the patient who wakes up first and
who takes his new freedom the most
See AWAKE, Page 11
Paddy Moloney and the Chieftans display their instruments here.
Ronan Lynch's ex-neighbor Martin Fay is holding the fiddle in the
upper left corner. His son with drums probably will not be at
Chieftains, I have never seen him
without a ready smile. And he loves
The Chieftains also draw on a
broad audience. "Our audience is not
geared towards the Irish-Americans,
but towards the mainstream audi-
ence," says Moloney. "It's right
across the board. We're having a
great time. It's absolutely brilliant."
On a personal level, I have never
quite forgiven Martin Fay (the fid-
dler, and my former next-door neigh-
bor) for buying a drum set for his
son. I spent my undergraduate years
in Dublin trying to drown out his
son's thumping with my electric
guitar, but I never had enough am-
plification. There is a lesson in there
somewhere, but there is no time to
dwell on it now.
The 15-city Christmas tour
which will bring the Chieftains to
Ann Arbor will feature the award-
winning Kennelly Irish dancers, who
do a seasonal performance of the
Wren Boys. Moloney tried to ex-
plain exactly what the Wren Boys do
(it's an old Irish custom), but it
wasn't very clear. "They cop on
when they see what's happening," he
The Christmas show will also
feature carol singing, which
Moloney expects the audience to par-
ticipate in. "We do some very spe-
cial carols, the Wexford Carol and a
French carol," he says, "and an acap-
pella group, Amazin' Blue, are go-
ing to join us for a few songs."
The Chieftains are consummate
performers, and their music is so ac-
cessible that even first-time listeners
are in for a treat. Ann Arborites
should look forward to a good show.
THE CHIEFTANS Christmas show
stomps at Hill Auditorium on Satur-
day. Tickets prices range from $22
to $15, available from all Ticket-
Master outlets, plus the evil ser-
Save the LP!
. Daily Arts
Bona Drag seems a pointless re-
lease, even in the United States. Ev-
ery song, save the new and simply
fabu "Piccadilly Palare," has been is-
sued here as a single or B-side.
"Everyday is like Sunday" and
"Suedehead" were even featured on
Morrissey's first solo album, Viva
Hate. The B-sides chosen aren't even
the best he has released; the exclu-
sion of the smartly whimsical "Girl
Least Likely To" from the back of
"November Spawned a Monster,"
while including the far inferior "He
Knows I'd Love to See Him," looks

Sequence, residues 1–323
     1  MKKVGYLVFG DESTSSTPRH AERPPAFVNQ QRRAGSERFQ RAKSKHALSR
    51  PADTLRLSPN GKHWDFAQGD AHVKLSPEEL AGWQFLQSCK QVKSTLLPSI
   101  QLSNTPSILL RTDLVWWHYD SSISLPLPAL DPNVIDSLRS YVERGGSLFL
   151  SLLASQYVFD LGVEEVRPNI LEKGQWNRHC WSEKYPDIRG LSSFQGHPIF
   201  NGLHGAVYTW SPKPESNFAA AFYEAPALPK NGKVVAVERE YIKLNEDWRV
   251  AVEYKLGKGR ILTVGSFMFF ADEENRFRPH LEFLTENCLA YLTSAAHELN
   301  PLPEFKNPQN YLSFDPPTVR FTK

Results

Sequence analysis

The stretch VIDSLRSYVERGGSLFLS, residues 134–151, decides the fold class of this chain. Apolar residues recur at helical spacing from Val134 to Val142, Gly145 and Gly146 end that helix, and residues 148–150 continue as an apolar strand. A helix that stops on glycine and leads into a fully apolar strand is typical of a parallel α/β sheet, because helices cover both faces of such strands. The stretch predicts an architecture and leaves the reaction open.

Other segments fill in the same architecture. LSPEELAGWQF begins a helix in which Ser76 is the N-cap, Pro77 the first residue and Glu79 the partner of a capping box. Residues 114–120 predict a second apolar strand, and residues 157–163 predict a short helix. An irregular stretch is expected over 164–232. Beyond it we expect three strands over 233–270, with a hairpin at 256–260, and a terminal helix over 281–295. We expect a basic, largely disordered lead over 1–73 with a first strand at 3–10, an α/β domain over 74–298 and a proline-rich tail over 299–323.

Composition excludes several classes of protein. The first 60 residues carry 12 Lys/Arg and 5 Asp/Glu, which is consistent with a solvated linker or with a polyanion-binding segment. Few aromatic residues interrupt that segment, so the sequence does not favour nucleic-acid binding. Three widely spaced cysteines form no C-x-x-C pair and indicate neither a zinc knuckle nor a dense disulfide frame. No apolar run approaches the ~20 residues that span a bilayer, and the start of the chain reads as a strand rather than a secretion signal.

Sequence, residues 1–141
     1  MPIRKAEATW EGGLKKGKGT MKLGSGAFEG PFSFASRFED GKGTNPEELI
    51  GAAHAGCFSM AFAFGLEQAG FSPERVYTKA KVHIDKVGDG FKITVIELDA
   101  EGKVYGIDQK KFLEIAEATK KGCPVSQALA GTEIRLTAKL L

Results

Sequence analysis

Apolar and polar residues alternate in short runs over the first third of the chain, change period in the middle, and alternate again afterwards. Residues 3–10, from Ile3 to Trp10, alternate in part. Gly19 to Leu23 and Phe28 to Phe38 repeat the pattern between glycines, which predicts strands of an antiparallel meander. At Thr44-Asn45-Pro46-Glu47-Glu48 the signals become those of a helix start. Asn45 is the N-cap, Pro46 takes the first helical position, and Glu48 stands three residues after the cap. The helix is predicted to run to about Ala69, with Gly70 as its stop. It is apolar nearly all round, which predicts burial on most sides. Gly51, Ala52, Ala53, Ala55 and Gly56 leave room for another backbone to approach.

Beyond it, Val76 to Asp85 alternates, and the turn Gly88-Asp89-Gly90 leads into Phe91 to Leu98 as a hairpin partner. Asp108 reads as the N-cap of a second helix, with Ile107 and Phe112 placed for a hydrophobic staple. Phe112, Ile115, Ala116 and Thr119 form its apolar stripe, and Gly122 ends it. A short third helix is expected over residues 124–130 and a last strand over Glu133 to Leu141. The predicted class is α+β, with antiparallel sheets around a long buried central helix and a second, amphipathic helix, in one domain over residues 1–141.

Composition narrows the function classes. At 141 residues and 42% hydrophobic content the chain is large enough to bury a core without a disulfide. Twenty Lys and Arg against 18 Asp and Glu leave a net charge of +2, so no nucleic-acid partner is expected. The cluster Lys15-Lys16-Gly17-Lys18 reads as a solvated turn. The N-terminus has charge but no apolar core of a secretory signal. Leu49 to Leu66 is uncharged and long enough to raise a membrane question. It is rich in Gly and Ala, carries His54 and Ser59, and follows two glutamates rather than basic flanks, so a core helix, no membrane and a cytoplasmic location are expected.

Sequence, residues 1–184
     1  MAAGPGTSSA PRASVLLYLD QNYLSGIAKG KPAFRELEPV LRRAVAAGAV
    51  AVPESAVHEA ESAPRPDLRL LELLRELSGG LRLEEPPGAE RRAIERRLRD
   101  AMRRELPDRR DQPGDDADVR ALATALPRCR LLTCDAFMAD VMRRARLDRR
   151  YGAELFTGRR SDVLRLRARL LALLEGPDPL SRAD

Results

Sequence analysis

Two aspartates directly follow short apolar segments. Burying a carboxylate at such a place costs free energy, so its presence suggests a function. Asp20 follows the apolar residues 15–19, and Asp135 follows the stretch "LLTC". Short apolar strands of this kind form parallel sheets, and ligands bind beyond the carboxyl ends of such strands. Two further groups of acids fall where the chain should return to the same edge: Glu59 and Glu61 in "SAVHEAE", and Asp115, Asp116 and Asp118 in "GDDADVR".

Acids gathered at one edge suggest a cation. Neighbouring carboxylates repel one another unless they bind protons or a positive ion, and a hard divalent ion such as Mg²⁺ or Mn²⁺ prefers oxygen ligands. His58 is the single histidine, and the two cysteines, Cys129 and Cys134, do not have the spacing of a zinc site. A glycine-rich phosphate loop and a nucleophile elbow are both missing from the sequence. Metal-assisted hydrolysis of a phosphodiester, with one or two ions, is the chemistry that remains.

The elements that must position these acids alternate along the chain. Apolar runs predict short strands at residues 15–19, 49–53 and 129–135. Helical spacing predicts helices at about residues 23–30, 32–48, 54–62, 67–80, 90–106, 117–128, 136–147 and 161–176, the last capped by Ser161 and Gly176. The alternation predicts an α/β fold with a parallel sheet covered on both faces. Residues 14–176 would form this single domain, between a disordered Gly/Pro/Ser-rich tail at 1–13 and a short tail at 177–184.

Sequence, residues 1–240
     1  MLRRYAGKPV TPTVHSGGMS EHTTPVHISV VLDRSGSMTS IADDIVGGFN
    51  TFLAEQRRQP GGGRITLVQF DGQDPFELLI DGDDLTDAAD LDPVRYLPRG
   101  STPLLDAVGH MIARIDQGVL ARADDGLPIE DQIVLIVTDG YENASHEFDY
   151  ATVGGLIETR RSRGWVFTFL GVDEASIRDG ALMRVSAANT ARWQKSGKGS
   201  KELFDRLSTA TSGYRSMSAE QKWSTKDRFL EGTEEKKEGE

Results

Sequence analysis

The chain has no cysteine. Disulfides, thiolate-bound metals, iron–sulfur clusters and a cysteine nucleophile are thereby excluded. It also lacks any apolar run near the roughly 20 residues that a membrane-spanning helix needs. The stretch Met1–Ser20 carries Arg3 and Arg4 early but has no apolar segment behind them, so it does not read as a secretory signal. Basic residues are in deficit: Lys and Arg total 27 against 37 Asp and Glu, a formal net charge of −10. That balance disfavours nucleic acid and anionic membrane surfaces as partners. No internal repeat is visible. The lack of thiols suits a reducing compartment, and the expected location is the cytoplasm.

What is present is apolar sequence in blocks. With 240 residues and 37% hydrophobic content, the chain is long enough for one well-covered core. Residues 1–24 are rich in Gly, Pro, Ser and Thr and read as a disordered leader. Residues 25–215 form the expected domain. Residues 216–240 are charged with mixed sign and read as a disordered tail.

What makes this album worth it
is not Morrissey becoming any more
brilliant thought-wise, nor the vary-
ing quality of the music depending
on the guitarist, but how adroitly the
songs are ordered, creating an an-
thology of Morrissey's favorite trea-
Theme #1: Love, Lust, Sex,
"I wonder why you're only half-
ashamed?" - "Interesting Drug"
"Could you even bear to kiss her
full on the mouth (or anywhere)?"
- "November Spawned a Monster"
"An inbuilt guilt catches up with
you and as it comes around to your
place at five a.m./ it wakes you up
and it laughs in your face" - "Will
"Most people keep their brains
between their legs (don't you find)"
- "Such a Little Thing Makes such
a Big Difference"
Theme #2: Self-pity and hero-
worship with clever touches of sar-
"Oh I can't help quoting you be-
cause everything you said rings true"
- "The Last of the Famous Interna-
"Would you help me because I
just can't find my way in the world"
- "Ouija Board, Ouija Board"
"You may be repressed but you're
remarkably dressed" - "Hairdresser
"They forgot to close down Ar-
mageddon - come Armaggedon" -
"Every Day is like Sunday"
"When I lived in the Arse of the
world" - "He Knows I'd Love to
"There must be something horri-
bly wrong with me? - "Yes, I am
"He couldn't get over your
Grandma's omen" - "Lucky Lisp"
"I'm so sickened now "
"'cause I spent my WHOLE
LIFE IN RUINS" - "Disappointed"
Though these subjects and wiry
comments have always characterized
Morrissey's work with and without
the Smiths, the careful order displays
his ponderances engagingly. The
songs are refreshed by their new jux-
tapositions. Bona Drag retrospects
the past four or so years, hopefully
to remind us where he has been so
he can move forward again soon;.
Then he can stop playing sill
"This is the last song I will ever
sing/ No I've changed my mind
again" - "Disappointed"
- Annette Petrusa
See RECORDS, Page 9